I feel differently than ComoDave on buying a smaller boat first but he makes very valid points. It’s just hard for me to recommend buying the big boat before you have had a chance to determine what you want in a boat.

Those of us who came from sail boats had no issues with speed. Those of us who came from sport boats have had a harder time adjusting to desplacement speeds.

I don’t really think there is a bad approach but each of the three approaches has advantages and disadvantages.
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Old 09-04-2018, 06:35 PM   #6
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I think a three step process might work for you:


1. Charter for a couple of weeks, maybe a Camano 31 or a GB 32-36 and a Mainship 40 to get a feel of size and capability.


2. Then buy a 34-36' older trawler. That will give you a taste of what it is like to deal with old boat problems. Maybe you like it but maybe you don't. You can buy such an older boat for $25-50K and at worst sell it for 20% less (half broker fee, half whatever) than what you paid for it. This experience will be invaluable in selecting your retirement boat.


3. Then 4-5 years down the road, buy your "final" retirement boat. You will know a lot more about what kind of boat you want by then.


David
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Old 09-04-2018, 07:22 PM   #7
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Steve
Welcome aboard TF
You have one big plus in your favor - location!
The 1,000 Is provides some of the best boating IMHO as well as access to several other great boating locations.

I agree w/ the idea of renting - if your time available is in the 1-2 week range you might consider renting a cruiser on the Rideau Canal as a start - short travel and a few good opportunities to experience cruising -

I'd say skip the more common house boat rentals as they are not a good comparison to a larger cruising boat.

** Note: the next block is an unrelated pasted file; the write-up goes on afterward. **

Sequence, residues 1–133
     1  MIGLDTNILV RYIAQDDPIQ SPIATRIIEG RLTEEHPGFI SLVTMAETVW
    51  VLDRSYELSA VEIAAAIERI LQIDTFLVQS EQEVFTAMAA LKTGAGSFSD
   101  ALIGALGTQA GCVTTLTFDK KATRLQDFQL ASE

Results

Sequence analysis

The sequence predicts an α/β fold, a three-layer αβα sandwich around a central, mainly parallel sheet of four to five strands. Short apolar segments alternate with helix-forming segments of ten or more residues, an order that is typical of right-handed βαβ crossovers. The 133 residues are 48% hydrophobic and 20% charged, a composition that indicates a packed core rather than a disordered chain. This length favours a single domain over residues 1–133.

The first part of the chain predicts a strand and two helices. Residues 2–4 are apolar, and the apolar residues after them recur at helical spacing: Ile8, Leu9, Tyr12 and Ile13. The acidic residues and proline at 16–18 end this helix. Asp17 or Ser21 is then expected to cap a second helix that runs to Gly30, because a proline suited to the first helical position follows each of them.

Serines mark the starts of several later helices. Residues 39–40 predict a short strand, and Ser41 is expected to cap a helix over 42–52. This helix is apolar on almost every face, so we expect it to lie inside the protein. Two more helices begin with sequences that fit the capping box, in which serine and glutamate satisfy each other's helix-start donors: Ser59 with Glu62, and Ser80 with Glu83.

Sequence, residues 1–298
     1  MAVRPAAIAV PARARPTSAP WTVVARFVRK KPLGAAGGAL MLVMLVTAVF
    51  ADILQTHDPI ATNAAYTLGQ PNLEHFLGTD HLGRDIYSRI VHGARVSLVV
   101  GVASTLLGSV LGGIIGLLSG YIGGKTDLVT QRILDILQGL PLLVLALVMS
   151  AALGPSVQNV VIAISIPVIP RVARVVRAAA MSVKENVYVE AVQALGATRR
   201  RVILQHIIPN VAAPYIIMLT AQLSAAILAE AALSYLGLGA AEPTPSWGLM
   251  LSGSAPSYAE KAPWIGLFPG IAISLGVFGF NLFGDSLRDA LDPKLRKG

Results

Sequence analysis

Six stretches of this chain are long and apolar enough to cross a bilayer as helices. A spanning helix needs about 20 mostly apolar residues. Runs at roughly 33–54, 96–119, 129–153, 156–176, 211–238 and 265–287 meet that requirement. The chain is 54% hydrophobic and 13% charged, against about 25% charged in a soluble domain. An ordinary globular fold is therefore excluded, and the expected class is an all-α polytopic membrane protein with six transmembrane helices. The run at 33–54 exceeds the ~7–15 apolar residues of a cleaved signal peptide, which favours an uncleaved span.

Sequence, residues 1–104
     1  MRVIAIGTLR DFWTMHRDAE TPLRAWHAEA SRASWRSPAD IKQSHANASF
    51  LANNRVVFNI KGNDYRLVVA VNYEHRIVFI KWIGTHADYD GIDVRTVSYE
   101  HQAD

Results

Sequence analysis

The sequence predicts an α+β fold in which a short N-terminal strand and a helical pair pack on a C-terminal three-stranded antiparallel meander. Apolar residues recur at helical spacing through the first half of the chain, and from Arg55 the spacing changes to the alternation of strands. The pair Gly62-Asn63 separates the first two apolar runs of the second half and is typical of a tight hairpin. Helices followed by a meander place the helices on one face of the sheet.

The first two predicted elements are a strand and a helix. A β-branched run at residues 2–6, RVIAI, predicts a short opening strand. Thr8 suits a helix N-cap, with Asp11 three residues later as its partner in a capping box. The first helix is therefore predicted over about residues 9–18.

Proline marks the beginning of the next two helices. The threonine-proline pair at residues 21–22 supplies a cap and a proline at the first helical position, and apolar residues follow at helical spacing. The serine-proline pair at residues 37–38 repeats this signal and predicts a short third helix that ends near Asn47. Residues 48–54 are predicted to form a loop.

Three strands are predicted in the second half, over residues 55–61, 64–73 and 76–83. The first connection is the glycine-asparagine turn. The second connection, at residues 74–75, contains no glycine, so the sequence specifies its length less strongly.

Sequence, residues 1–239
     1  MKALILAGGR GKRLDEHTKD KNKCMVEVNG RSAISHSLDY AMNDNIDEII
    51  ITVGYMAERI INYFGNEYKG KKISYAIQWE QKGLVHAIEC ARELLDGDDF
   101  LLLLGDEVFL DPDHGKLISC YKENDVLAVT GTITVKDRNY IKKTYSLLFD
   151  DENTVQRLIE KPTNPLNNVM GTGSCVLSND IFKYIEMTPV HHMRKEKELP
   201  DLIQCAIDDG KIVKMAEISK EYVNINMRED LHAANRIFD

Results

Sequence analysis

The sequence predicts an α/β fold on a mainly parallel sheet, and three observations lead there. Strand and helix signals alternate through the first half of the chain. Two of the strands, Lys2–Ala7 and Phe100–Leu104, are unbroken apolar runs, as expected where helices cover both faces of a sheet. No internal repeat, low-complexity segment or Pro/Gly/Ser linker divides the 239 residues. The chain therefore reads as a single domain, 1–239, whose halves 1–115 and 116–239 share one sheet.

Aylings Boatyard in Merrickville rents ~ 30 ft cruisers - not a bad way for a couple to start to experience cruising.
Le Boat has a couple boats available - one about 37 ft that should be pretty comfy for a couple.

(our first serious extended cruise was a month - from NY Finger Lakes to Ottawa on the Rideau - we quickly learned we liked the cruising life style but our then current 24 ft'r wasn't going to make either of us happy.

You are in a perfect location to learn as well - visit marinas & boat yards - talk to owners about their cruising style, what they like / dislike about their boat. Keep a written list of musts / wants you think will suit your style of cruising.

You might also consider joining & taking a few courses from the St Lawrence Sail & Power Squadron see:http://www.uspsd6.org/Documents/Publ...ornMay2018.pdf
You will not only be able to take some well done courses but will expand your network of knowledgeable folks with similar interests.
The Antique Boat Museum in Clayton will likely have many members / volunteers that may have / had boats like what you are thinking about.

Find ways to make the search fun along the way - boat shows, Trawlerfest etc make for great learning experiences and a fun wkend excursion.
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Old 09-04-2018, 07:49 PM   #8
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Quote:
Originally Posted by djmarchand View Post
I think a three step process might work for you: